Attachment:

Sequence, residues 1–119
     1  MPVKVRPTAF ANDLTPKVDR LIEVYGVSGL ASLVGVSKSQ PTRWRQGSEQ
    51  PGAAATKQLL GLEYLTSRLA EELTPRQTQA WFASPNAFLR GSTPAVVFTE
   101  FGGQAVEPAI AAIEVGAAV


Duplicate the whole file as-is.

Sequence, residues 1–119
     1  MPVKVRPTAF ANDLTPKVDR LIEVYGVSGL ASLVGVSKSQ PTRWRQGSEQ
    51  PGAAATKQLL GLEYLTSRLA EELTPRQTQA WFASPNAFLR GSTPAVVFTE
   101  FGGQAVEPAI AAIEVGAAV